Aachen's Gothic Rathaus looms over the Markt opposite to the Aachen Cathedral. In the first half of the 14th century, Aachen’s citizenry built the city hall as a sign of their civic freedom. Yet, they had to promise to establish a space in the new town hall that could host the traditional coronation feast that was part of the coronation ceremony of the Holy Roman Empire.
Construction began in 1330 on top of the foundation walls of the Aula Regia, part of the derelict Palace of Aachen, built during the Carolingian dynasty. Dating from the time of Charlemagne, the Granus Tower and masonry from that era were incorporated into the south side of the building. The structure was completed in 1349, and while the town hall served as the administrative center of the city, part of the city’s munitions and weaponry was housed in the Granus Tower, which also served as a prison for some time.
During the great Fire of Aachen in 1656, portions of the roof and towers burned. The destroyed elements were then replaced in a baroque style. From 1727 until 1732 the Chief Architect of Aachen, Johann Joseph Couven, led a fundamental baroque remodeling of the structure, especially of the front façade and entry steps. The gothic figures and muntin adorning the windows were removed, and even the interior was remodeled in the baroque style. Today, the sitting room and the “White Hall” both still convey this change in style.
Since the end of the Imperial City era and the Napoleonic occupation of the area, the structural condition of the City Hall was greatly neglected, so that the building was seen to be falling apart by 1840. After that the building was rebuilt little by little in a neo-Gothic style that tried to capture its original gothic elements. The side of the City Hall that faced the Market was adorned with statues of 50 kings, as well as symbols of art, science, and Christianity.References:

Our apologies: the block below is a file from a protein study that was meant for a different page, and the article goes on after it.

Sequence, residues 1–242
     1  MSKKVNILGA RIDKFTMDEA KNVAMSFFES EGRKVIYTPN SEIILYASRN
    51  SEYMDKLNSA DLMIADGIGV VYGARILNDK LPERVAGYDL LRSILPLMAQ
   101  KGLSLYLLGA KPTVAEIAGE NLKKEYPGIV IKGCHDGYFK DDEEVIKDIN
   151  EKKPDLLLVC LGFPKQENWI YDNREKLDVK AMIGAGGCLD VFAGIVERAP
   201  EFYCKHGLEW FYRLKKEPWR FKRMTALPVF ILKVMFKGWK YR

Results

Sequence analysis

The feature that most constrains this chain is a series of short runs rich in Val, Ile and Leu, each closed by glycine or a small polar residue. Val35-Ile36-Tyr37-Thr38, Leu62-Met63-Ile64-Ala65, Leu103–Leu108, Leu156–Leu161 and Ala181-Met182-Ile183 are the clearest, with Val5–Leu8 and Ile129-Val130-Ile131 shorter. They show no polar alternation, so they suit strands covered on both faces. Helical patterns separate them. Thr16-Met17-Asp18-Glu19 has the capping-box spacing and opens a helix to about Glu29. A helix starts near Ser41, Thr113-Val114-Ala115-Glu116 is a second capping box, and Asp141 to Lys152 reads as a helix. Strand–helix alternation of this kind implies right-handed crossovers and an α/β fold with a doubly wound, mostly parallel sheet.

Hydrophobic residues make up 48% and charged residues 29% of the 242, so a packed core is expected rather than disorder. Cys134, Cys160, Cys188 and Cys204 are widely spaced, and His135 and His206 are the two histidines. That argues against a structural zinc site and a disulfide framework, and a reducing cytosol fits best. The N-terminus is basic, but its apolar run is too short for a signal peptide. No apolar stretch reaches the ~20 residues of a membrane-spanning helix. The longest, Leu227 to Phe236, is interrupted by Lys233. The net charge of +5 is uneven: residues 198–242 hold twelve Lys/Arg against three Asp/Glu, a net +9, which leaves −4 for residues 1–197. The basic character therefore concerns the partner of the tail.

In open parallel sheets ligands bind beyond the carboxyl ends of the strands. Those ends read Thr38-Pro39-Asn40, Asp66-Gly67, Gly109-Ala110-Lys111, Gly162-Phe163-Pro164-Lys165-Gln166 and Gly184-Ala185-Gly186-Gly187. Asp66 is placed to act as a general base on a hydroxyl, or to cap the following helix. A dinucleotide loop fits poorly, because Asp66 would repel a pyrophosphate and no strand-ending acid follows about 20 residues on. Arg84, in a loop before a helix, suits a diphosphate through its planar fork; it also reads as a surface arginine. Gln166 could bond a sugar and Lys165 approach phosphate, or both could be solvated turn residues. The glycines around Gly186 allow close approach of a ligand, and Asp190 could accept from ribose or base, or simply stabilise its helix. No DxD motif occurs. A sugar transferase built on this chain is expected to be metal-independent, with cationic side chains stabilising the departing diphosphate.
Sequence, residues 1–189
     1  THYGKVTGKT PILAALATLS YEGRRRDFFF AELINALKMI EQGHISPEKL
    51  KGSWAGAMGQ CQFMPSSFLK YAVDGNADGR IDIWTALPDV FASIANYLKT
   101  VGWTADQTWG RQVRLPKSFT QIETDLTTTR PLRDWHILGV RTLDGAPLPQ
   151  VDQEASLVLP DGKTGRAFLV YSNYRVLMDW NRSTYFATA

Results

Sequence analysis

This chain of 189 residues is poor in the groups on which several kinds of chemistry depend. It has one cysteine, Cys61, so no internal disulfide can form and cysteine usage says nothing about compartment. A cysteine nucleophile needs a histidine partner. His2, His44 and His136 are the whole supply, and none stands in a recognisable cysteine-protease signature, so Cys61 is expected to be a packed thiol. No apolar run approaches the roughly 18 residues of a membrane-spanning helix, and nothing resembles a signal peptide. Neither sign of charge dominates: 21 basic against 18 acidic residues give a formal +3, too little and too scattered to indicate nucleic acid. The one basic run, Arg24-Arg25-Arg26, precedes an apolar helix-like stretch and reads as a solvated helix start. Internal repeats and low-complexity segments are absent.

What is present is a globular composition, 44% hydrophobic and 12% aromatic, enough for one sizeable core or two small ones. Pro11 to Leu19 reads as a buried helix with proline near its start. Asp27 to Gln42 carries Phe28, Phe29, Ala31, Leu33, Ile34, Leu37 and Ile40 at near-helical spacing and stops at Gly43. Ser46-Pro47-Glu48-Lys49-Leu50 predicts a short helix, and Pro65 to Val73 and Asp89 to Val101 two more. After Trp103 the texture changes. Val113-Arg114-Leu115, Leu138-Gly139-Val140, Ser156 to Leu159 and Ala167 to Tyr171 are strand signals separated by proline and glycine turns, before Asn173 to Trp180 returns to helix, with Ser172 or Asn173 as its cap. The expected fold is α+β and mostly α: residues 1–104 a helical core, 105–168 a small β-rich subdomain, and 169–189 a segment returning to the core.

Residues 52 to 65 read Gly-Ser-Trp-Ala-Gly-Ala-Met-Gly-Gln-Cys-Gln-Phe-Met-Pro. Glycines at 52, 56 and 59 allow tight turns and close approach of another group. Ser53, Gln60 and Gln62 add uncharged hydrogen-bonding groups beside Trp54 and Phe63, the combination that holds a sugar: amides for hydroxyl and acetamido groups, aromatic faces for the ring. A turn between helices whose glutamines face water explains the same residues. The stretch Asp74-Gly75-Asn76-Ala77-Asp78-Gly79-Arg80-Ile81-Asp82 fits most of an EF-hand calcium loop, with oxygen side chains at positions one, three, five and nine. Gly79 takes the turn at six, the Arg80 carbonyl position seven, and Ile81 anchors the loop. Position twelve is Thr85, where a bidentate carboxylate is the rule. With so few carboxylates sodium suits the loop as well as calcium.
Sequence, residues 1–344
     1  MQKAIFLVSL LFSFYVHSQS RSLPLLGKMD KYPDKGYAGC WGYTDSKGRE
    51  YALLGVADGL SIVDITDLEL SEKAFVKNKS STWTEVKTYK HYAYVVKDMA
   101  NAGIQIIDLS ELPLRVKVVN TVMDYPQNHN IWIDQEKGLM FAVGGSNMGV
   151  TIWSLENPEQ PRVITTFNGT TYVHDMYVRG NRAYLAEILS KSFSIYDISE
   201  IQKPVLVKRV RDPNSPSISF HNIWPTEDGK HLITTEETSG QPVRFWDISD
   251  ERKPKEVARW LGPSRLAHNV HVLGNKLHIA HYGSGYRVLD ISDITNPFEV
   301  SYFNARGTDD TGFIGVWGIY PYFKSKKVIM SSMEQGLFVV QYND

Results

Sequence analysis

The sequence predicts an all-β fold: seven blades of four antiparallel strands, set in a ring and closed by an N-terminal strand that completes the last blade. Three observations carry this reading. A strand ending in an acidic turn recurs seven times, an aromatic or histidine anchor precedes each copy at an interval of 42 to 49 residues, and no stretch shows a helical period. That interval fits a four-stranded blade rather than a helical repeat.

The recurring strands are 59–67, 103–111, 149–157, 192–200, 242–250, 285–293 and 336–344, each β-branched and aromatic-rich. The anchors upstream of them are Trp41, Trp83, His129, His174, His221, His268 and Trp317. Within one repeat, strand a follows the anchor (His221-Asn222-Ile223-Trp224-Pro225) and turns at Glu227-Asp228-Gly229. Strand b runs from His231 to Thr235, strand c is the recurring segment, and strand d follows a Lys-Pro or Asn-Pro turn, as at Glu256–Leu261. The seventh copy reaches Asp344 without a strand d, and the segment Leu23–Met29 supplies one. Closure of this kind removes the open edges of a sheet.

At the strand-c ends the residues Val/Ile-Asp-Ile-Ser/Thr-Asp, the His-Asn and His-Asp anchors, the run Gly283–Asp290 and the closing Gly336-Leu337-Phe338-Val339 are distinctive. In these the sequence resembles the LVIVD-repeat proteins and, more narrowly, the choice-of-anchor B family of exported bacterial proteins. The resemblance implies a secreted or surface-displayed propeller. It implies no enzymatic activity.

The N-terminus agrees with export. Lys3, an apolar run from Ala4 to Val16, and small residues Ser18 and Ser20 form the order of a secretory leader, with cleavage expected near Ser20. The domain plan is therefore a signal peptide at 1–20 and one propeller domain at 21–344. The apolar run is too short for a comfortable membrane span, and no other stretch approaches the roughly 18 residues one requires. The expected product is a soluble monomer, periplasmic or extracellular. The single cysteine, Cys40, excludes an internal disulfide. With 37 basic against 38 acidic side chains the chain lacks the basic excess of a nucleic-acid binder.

Hochosterwitz Castle is considered to be one of Austria's most impressive medieval castles. The rock castle is one of the state's landmarks and a major tourist attraction.
The site was first mentioned in an 860 deed issued by King Louis the German of East Francia, donating several of his properties in the former Principality of Carantania to the Archdiocese of Salzburg. In the 11th century Archbishop Gebhard of Salzburg ceded the castle to the Dukes of Carinthia from the noble House of Sponheim in return for their support during the Investiture Controversy. The Sponheim dukes bestowed the fiefdom upon the family of Osterwitz, who held the hereditary office of the cup-bearer in 1209.
In the 15th century, the last Carinthian cup-bearer, Georg of Osterwitz was captured in a Turkish invasion and died in 1476 in prison without leaving descendants. So after four centuries, on 30 May 1478, the possession of the castle reverted to Emperor Frederick III of Habsburg.
Over the next 30 years, the castle was badly damaged by numerous Turkish campaigns. On 5 October 1509, Emperor Maximilian I handed the castle as a pledge to Matthäus Lang von Wellenburg, then Bishop of Gurk. Bishop Lang undertook a substantial renovation project for the damaged castle.
About 1541, German king Ferdinand I of Habsburg bestowed Hochosterwitz upon the Carinthian governor Christof Khevenhüller. In 1571, Baron George Khevenhüller acquired the citadel by purchase. He fortified to deal with the threat of Turkish invasions of the region, building an armory and 14 gates between 1570 and 1586. Such massive fortification is considered unique in citadel construction.
Since the 16th century, no major changes have been made to Hochosterwitz. It has also remained in the possession of the Khevenhüller family as requested by the original builder, George Khevenhüller. A marble plaque dating from 1576 in the castle yard documents this request.
A specific feature is the access way to the castle passing through a total of 14 gates, which are particularly prominent owing to the castle's situation in the landscape. Tourists are allowed to walk the 620-metre long pathway through the gates up to the castle; each gate has a diagram of the defense mechanism used to seal that particular gate. The castle rooms hold a collection of prehistoric artifacts, paintings, weapons, and armor, including one set of armor 2.4 metres tall, once worn by Burghauptmann Schenk.